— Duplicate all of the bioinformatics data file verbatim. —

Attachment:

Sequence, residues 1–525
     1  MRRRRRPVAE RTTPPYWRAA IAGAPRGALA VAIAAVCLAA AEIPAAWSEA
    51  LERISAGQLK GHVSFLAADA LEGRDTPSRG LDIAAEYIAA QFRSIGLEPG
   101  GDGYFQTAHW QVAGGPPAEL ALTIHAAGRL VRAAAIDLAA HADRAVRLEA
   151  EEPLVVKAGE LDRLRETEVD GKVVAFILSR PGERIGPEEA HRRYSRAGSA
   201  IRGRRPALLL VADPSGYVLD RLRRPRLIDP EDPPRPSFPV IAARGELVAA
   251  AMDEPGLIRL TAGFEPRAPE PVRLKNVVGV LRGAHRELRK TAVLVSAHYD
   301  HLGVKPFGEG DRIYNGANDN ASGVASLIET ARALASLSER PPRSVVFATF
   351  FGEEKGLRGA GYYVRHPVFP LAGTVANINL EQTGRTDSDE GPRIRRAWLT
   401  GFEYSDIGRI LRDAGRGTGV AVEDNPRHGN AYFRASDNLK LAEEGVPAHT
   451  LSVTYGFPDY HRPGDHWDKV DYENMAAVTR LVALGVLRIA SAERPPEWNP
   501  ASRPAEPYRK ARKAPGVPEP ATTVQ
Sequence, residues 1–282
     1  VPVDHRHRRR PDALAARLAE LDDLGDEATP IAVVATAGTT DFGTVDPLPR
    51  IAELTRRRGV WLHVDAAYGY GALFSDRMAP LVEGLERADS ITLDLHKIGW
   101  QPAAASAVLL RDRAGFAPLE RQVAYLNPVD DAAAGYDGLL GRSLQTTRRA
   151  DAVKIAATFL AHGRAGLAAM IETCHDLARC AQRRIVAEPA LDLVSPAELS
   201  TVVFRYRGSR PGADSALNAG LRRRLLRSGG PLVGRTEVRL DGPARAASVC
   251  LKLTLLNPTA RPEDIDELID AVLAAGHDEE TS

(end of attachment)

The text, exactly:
Sequence, residues 1–525
     1  MRRRRRPVAE RTTPPYWRAA IAGAPRGALA VAIAAVCLAA AEIPAAWSEA
    51  LERISAGQLK GHVSFLAADA LEGRDTPSRG LDIAAEYIAA QFRSIGLEPG
   101  GDGYFQTAHW QVAGGPPAEL ALTIHAAGRL VRAAAIDLAA HADRAVRLEA
   151  EEPLVVKAGE LDRLRETEVD GKVVAFILSR PGERIGPEEA HRRYSRAGSA
   201  IRGRRPALLL VADPSGYVLD RLRRPRLIDP EDPPRPSFPV IAARGELVAA
   251  AMDEPGLIRL TAGFEPRAPE PVRLKNVVGV LRGAHRELRK TAVLVSAHYD
   301  HLGVKPFGEG DRIYNGANDN ASGVASLIET ARALASLSER PPRSVVFATF
   351  FGEEKGLRGA GYYVRHPVFP LAGTVANINL EQTGRTDSDE GPRIRRAWLT
   401  GFEYSDIGRI LRDAGRGTGV AVEDNPRHGN AYFRASDNLK LAEEGVPAHT
   451  LSVTYGFPDY HRPGDHWDKV DYENMAAVTR LVALGVLRIA SAERPPEWNP
   501  ASRPAEPYRK ARKAPGVPEP ATTVQ
Sequence, residues 1–282
     1  VPVDHRHRRR PDALAARLAE LDDLGDEATP IAVVATAGTT DFGTVDPLPR
    51  IAELTRRRGV WLHVDAAYGY GALFSDRMAP LVEGLERADS ITLDLHKIGW
   101  QPAAASAVLL RDRAGFAPLE RQVAYLNPVD DAAAGYDGLL GRSLQTTRRA
   151  DAVKIAATFL AHGRAGLAAM IETCHDLARC AQRRIVAEPA LDLVSPAELS
   201  TVVFRYRGSR PGADSALNAG LRRRLLRSGG PLVGRTEVRL DGPARAASVC
   251  LKLTLLNPTA RPEDIDELID AVLAAGHDEE TS